The Portrayal of the American Legal System in Prime Time Television Crime Dramas

By Samantha Parker
Elon Journal of Undergraduate Research in Communications
2013, Vol. 4 No. 1 | pg. 1/3 |


This is a case study looking at how the legal system is portrayed on prime time network television crime dramas in respect to suspect treatment, the case building process and trial length. Through content analysis, it compared the exaggerations presented in those dramas to real-life accuracies. The Good Wife, Law & Order: SVU, Fairly Legal and Major Crimes were selected to study, and the fourth and seventh episodes of each television program’s season broadcast within a one-year period were watched. It was found that though suspect treatment is portrayed fairly accurately in prime time network television crime dramas, tendencies of exaggeration and inaccuracy exist through the case building process and trial length. These inaccuracies and exaggerations lead viewers to misinterpret the processes of the United States legal system.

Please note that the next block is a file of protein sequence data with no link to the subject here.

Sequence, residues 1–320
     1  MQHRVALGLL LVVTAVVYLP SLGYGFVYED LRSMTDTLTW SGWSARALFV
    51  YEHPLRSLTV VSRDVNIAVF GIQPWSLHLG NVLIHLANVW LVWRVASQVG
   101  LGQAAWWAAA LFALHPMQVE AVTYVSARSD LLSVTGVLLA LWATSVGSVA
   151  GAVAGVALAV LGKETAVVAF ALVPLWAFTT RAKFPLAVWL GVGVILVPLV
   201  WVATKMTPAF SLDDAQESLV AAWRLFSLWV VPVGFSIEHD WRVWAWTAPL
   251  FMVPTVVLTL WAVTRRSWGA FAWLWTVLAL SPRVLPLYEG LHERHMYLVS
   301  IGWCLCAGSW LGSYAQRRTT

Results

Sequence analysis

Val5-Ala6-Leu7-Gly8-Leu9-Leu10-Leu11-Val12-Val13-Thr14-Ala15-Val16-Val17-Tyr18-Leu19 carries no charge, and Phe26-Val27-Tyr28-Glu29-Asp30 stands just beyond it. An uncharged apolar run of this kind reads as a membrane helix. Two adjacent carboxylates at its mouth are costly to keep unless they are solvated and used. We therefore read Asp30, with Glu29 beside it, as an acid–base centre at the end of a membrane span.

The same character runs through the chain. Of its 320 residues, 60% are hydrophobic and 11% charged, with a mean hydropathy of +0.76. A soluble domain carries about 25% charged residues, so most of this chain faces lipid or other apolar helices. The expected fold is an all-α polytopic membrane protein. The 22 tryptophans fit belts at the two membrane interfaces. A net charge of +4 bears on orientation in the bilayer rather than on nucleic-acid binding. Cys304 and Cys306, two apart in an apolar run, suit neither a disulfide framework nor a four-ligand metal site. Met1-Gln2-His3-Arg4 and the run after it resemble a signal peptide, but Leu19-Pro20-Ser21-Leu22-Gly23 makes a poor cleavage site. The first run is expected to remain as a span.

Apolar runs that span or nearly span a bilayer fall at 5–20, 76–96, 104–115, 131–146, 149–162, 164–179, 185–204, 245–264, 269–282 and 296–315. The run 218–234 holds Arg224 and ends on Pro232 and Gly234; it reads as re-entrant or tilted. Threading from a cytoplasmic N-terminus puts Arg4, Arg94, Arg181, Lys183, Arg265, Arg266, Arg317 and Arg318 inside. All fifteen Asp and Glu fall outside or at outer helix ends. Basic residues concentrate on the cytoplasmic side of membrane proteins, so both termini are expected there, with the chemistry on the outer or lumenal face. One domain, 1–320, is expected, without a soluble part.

I. Introduction

In 2010, the Federal Bureau Investigation (FBI) reported an estimated 1.2 million violent crimes occurred nationwide in the United States.1 To relay stories concerning these instances of murder, rape, robbery and aggravated assault to the public, television stations dedicate approximately 20 percent of news coverage to crime reporting.2 Through expansive crime coverage, television stations have attracted large, loyal audiences. In July 2011, 5.2 million people tuned into network HLN to watch the Casey Anthony verdict.3

It is evident Americans have become infatuated with suspects, criminals and the legal process. Major television networks have recognized this interest and have developed crime scene drama programs that are supposedly modeled after real-world legal cases.

Today, the CBS television network broadcasts drama The Good Wife during prime time hours on Sunday.4 NBC airs Law & Order: SVU during Wednesday prime time.5 USA broadcasts Fairly Legal on Fridays during prime time,6 and TNT airs Major Crimes during prime time hours on Monday.7 In order to keep large audiences watching, these crime scene dramas have exaggerated aspects of the legal process, droning out legal jargon to spice up the courtroom’s atmosphere. Through embellished, false presentations, crime dramas have painted inadequate pictures of the legal system for American viewers.